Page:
You ask why God kills people unless He hates them?

Technically, God doesn’t kill people. It is Satan, Jesus says, who was the murderer from the beginning. Death is HIS weapon, not God’s. He can only wield it with God’s permission, same as, when he tormented Job, he needed God’s permission. It is because of the devil death entered into the world.

Why did God permit it? To prevent sin from living upon the earth immortally! Imagine people like Hitler and Stalin living on this earth forever and ever and it becomes quickly apparent what a mercy mortality is!

Satan kills. When it is said that God kills, it means God alone determines the TIME of each person’s death – and this He does according to the time that is BEST for each one of us.

So why does God allow the devil to kill people? To stop their sinning! Not to punish; that comes after Judgment. But simply to end their sinning. And this, note, benefits everybody involved. Take, for example, when God decides to (let satan) destroy a city:

If there were any innocent people who died (in Sodom, say), whom God didn’t arrange to get out of the way beforehand, well, they died in their innocence – a much to be desired circumstance! They will stand before His Judgment Throne innocent.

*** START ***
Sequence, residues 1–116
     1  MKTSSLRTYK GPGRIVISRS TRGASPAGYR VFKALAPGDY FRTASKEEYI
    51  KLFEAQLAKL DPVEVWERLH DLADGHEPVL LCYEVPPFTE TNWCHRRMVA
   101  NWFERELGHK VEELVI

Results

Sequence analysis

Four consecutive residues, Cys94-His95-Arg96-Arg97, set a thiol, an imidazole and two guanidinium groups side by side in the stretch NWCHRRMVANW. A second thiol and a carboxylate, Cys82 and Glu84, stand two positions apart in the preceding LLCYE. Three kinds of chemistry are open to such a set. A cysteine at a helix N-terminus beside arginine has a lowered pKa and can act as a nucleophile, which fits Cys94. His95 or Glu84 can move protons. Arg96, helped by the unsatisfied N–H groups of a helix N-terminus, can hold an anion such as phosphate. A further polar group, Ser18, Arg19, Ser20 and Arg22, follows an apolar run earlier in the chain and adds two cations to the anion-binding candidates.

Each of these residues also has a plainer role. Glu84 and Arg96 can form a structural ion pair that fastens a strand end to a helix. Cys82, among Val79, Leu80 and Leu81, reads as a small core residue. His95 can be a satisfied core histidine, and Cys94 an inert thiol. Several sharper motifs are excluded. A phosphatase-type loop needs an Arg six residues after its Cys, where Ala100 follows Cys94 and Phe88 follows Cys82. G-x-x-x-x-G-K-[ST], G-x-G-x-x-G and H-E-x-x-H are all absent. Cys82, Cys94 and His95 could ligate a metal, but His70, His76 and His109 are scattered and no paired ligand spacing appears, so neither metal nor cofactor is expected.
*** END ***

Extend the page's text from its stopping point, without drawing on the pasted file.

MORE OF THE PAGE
If there were any who *would* have repented had they been given more time, God knows this, and in His unfathomable wisdom and love and righteousness knows how best to deal with that, too.

If there were those who were never going to repent in any case, then it was best even for them for God to cut short their sinning, because they were accumulating more and more torment for themselves in the world to come. This way they accumulate fewer.

Yes, God describes Himself as a jealous God. But He is jealous on our behalf: He wants us (HIS creation, after all) back, whom satan seduced away. He wants us back not for His own sake, for God is love and love seeketh NOT her own. He wants us back for OUR sake, that we may be healed, and may live, and may achieve that for which we were created: intimate union with Him.

Yes, God is righteous and just. But there is this huge difference between His justice and the blood-soaked human thing that passes for it: God’s justice not only is not based upon hostility, as ours is, but contains not even the slightest hint of hostility. Our whole justice system IS hostility, legalized, is an adversarial system; but with God, there is no hostility. The deity who “will not abide even one whiff of sinfulness in His presence” is not the Father Jesus Christ revealed. Jesus Christ, God in the flesh, sought out the presence of sinners! He ate with the tax collector, having invited himself! He accepted the tears and the perfume and the hair of the whore. He started up a conversation with the Samaritan woman, a heretic who was living with her boyfriend besides. He condescended to die with criminals. He not only can tolerate us, but proves He does, and even says He has come to “seek and to save” the unrighteous.